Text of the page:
Over time, Martell stepped into the limelight
and also contributed to the band’s sophis-
ticated arrangements. During the Fudge’s
’60s heyday, Martell played Gibson guitars—
ES-335s, SGs, a big archtop L- 5, and several
Les Pauls, including a TV yellow Junior. For
amps, Martell gigged with Magnatone,
Fender, Standel, Kustom, Traynor, and Sunn
models before settling on Marshall stacks.
and challenged the stranglehold that British
groups had on the charts at the time.
Yanovsky was an accomplished guitarist who
could handle straight blues, raucous rock,
sensitive chord work, country licks, and much
more. He played for the song and delivered
exactly what was necessary to make each
one work. Yanovsky was also one of the very
few guitarists who played the Gumby-shaped
Guild S- 200 Thunderbird solidbody. He had
two—one with a sunburst finish and another
with custom purple paint—which he played
through Standel amplifiers.
Vinny Martell onstage in April 2010 with his ’ 82 Les Paul
Black Beauty. Photo by Bob Cianci
As the lead guitarist in Vanilla Fudge, Vinny
Martell electrified rock fans in the summer
of 1967 with a dramatic, slowed-down version of the Supremes’ “You Keep Me Hangin’
On”—a track many feel bridged the gap
between psychedelia and heavy metal.
After a drug bust in 1967, Yanovsky left the
Spoonful and recorded his only solo album, the
now collectible Alive and Well in Argentina,
on which he sang and played most of the
instruments. He returned home to Kingston,
Ontario, where he opened a restaurant, Chez
Piggy, followed by the Pan Chancho bakery.
Both ventures were highly successful.
Martell, who was born in the Bronx, New
York, joined the US Navy as a young man,
and after his stint there he went on to play
in bands in Florida before returning to New
York. There, he formed a band called the
Pigeons with Hammond B- 3 organist and
singer Mark Stein, bassist Tim Bogert, and
drummer Joey Brennan. When the hard-rocking Carmine Appice replaced Brennan on
drums, Vanilla Fudge was born. The quartet
recorded five albums that consisted mostly
of highly rearranged cover material. Their
daring mix of soul, rock, and classical music
influenced such bands as Deep Purple, Yes,
and Led Zeppelin.
The Fudge split up in 1970, but since the
’90s they’ve regrouped many times for short
tours, occasionally with all the original mem-
bers. Martell also works local gigs with his
own band. He currently plays an ’ 82 Les Paul
Black Beauty, a Floyd Rose-equipped Kramer
with a custom flame paint job, and several
ESP guitars through Mesa/Boogie amplifi-
cation. “ESP has been great to me,” says
Martell. “When I go out on tour, I only bring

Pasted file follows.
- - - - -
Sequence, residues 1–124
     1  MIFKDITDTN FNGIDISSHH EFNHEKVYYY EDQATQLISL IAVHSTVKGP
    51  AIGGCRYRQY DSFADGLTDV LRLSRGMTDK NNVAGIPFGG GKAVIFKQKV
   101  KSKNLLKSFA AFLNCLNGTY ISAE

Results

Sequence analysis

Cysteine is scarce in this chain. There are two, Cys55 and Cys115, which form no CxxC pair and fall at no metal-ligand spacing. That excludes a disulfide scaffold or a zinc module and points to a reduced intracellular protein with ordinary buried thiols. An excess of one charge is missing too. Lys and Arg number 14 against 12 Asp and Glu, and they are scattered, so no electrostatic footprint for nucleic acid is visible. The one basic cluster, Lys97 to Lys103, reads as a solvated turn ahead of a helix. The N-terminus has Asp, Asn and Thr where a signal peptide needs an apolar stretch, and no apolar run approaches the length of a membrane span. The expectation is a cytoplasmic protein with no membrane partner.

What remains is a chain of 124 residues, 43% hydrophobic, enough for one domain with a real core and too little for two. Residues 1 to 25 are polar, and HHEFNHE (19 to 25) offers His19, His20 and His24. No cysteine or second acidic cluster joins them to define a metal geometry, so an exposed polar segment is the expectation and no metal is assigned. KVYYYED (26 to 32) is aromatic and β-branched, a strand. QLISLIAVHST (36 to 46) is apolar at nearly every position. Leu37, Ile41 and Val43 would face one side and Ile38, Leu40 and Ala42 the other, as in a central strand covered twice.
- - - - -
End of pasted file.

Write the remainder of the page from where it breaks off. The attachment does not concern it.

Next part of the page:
two guitars—a red ESP that looks like a Les
Paul and my Kramer.”
When the Lovin’ Spoonful were inducted into
the Rock and Roll Hall of Fame in 2000, it was
the last time all four original members would
be reunited. During the end-of-festivities jam,
Yanovsky took a solo on his battered S- 200
that proved he had lost none of his youthful
fire and drew smiles from Eric Clapton, an
admitted fan, who was sharing the stage.
Vanilla Fudge’s progressive vision is documented in a four-disc box set from Rhino
Records called Box of Fudge.
Initially, Vanilla Fudge’s music was dominated
by Stein’s B- 3. It wasn’t until the band’s
fourth album, 1969’s Near the Beginning,
that Martell came into his own as a guitarist.
His playing on Beginning was punctuated by
slashing chord work and impassioned blues-based solos that included the occasional
Middle Eastern twist. Stein, Bogert, and
Appice were powerful players and singers,
so at first Martell’s role was to provide a
musical foundation for the group. His band-mates also relied on him for moral support.
“I was the spiritual guy in the group that
held it all together,” says Martell. “I was the
calm one who kept things cool. I think we
would have splintered any number of times
without my influence.”
One of the great characters of ’60s rock,
Zal Yanovsky held the lead-guitar spot with
the Lovin’ Spoonful for most of the group’s
existence and played on all their hits, including “Do You Believe in Magic,” “You Didn’t
Have to Be So Nice,” “Summer in the City,”
“Younger Girl,” and “Rain on the Roof.” An
ex-folkie, Canadian-born Yanovsky teamed
with Greenwich Village singer, songwriter,
and guitarist John Sebastian to form the
Spoonful in 1965.
Yanovsky died of congestive heart failure in
2002, but thanks to the superb music he left
behind, his legacy lives on.
The band’s good-time sound—a mixture
of rock, blues, country, folk, and jug-band
music—brought them immediate success
Gene Cornish achieved incredible success as
guitarist for the Rascals. A Canadian by birth,
Cornish was a seasoned music-business veteran by the time he joined the band in 1965,